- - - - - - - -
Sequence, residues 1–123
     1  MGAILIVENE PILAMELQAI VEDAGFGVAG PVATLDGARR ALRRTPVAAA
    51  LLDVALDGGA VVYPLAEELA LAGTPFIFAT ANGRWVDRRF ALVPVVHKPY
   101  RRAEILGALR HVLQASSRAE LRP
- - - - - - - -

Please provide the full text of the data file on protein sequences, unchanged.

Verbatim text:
Sequence, residues 1–123
     1  MGAILIVENE PILAMELQAI VEDAGFGVAG PVATLDGARR ALRRTPVAAA
    51  LLDVALDGGA VVYPLAEELA LAGTPFIFAT ANGRWVDRRF ALVPVVHKPY
   101  RRAEILGALR HVLQASSRAE LRP